Monday, September 1, 2014


We built four picnic tables for our school
In nursery school, math is called cooking, building or drawing. Science is called gardening, exploring or playing on the yard (finding bugs and figuring out what they do is a specialty). What happened between nursery school and first grade that made us forget this? Why is it so critical for a first grader to learn "math" as a stand-alone subject? What happened to building?

I love this quote from Shira Loewenstein's blog post entitled Does Spelling Count? Mrs. Germann, one of our assistant principal's, shared this article with the faculty and staff recently. 


Dr. H and fourth grade students
The above quote caught my eye, because it is a known fact that as students progress through their educational careers, they become less creative and less playful with their learning. It is critical to the future of our students that they see the meaning and purpose for their learning. That does not mean that the purpose is so that I can do math when I grow up or get a job, but because I need math, science, social studies, spelling, etc... to create this really neat project that is going to help improve my school, community, class, etc...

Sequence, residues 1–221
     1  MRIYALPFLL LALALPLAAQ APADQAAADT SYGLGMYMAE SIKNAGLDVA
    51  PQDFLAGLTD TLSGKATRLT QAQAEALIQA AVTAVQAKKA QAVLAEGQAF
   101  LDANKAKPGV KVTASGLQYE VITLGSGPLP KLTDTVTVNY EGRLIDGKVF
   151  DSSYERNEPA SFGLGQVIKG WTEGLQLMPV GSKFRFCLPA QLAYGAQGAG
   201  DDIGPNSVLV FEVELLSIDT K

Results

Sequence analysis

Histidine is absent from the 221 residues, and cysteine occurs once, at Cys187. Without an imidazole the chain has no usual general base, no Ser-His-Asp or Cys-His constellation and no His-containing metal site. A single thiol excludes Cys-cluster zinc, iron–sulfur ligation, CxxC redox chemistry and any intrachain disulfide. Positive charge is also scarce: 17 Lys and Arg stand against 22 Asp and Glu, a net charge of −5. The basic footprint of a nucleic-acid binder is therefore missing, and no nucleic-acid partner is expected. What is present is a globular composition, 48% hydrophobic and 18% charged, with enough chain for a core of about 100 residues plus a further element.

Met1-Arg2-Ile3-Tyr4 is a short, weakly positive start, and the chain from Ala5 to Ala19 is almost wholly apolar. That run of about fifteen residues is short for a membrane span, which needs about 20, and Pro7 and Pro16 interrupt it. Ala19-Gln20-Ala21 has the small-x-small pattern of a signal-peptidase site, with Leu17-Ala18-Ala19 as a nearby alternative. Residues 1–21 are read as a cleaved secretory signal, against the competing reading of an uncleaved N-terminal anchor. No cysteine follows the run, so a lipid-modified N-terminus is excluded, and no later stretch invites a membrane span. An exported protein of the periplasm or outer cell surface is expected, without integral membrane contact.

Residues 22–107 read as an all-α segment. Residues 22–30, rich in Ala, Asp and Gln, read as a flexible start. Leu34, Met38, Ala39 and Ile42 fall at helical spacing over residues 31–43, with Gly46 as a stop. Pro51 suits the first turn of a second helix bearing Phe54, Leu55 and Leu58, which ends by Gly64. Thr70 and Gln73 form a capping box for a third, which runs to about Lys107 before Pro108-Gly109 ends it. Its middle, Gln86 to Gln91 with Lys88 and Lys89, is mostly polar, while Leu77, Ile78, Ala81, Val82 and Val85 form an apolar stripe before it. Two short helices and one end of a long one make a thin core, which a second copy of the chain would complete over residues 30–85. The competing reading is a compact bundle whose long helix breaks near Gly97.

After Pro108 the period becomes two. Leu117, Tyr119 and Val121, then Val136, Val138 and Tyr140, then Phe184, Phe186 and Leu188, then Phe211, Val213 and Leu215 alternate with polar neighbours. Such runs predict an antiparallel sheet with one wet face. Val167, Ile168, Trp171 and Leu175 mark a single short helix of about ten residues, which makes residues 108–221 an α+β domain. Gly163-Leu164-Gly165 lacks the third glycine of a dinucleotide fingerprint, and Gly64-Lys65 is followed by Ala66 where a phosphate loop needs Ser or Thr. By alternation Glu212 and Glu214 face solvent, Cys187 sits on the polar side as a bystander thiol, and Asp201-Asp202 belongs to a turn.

Loewenstein goes on to say, "What if we were to eliminate subjects? What if we said there was no more 'spelling" or "writing" or "math," and we just had "school'?"

I have wondered this myself. How much more fun would school be if students came to school to write, calculate, investigate, research, read, discuss, present, and debate concepts and ideas that were beneficial to them and their community. We have plenty of problems that need to be solved, jobs that need to be done, projects that need to be completed at our school that our boys and girls should stay busy with these days. The role of the teacher is to facilitate these activities so that the boys and girls are exposed to and learn concepts and skills that will help them meet the standards set for them at each grade level.



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